New Hampshire exports fell 3.8 percent in October 2009 from the previous month, following a decrease of 19.4 percent in September.In October, $257.8 million worth of goods were shipped from New Hampshire to foreign markets — $10.1 million less than the value of exports recorded in September.As usual, manufactured goods led foreign sales, accounting for 82 percent of all state exports. Shipments abroad from New Hampshire’s manufacturers decreased in October by 1.4 percent from the previous month, to $211 million.On an annual basis, overseas sales from state factories were $122.7 million, or 28.9 percent, lower than in October of 2008.Exports of non-manufactured goods fell 13.1 percent in October to $46.8 million, adjusted for seasonal variation.How much did the worldwide recession influence the market for American goods? Global economic activity measured by all nations’ incomes after being adjusted for inflation is estimated to have declined by 1.7 percent in 2009 after rising 2.2 percent in 2008.As a result, in the first 10 months of 2009, national exports plunged 21.8 percent from the same period in 2008, compared with an average annual growth of 11.2 percent in 2008 and 13.2 percent in 2007.In its end-of-the-year global economic outlook, the Organization for Economic Cooperation and Development predicts a modest recovery in industrial countries from “the most virulent recession in decades,” driven by public stimulus policies and strong demand from China, India and Brazil.The OECD forecasts economic activity of its 30 members to have declined by 3.5 percent in 2009 and to recover in 2010, posting an annual growth of 1.9 percent.In terms of New Hampshire’s major trading partners, OECD’s economic outlook predicts Canadian economic conditions to improve in 2010. Following a decline of 2.7 percent in 2009, Canada’s total income, adjusted for inflation, is forecast to grow by 2 percent in 2010 and 3 percent in 2011.In the euro area, economic conditions also are forecast to improve in 2010, posting a positive growth rate of 0.9 percent, after declining by 4 percent in 2009.The emerging economies in Asia, led by China and India, are expected to lead the growth in global incomes, and thus global demand. Particularly, the OECD predicts China’s economy to expand by 10.2 percent in 2010 and 9.3 percent in 2011.OECD predicts world trade to moderately recover during 2010-11. Following an unprecedented decline of 12.5 percent in 2009, the volume of world trade is forecast to expand by 6 percent in 2010 and 7.7 percent in 2011.Evangelos Simos, chief economist of the consulting and research firm e-forecasting.com, is editor for international affairs of the Journal of Business Forecasting and professor at the University of New Hampshire’s Whittemore School of Business & Economics. He can be reached at email@example.com.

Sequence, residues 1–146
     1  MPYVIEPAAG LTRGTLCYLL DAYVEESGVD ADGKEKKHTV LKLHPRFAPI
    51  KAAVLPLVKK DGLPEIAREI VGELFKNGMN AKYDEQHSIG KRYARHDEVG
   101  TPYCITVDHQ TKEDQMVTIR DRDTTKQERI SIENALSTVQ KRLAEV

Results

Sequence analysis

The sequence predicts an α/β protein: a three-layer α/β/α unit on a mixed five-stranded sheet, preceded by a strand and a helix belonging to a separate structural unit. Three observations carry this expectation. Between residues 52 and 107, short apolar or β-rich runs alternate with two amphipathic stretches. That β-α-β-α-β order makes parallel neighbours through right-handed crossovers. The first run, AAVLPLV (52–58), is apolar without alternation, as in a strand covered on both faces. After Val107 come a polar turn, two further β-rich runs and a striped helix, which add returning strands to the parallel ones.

This article appears in the January 15 2010 issue of New Hampshire Business Review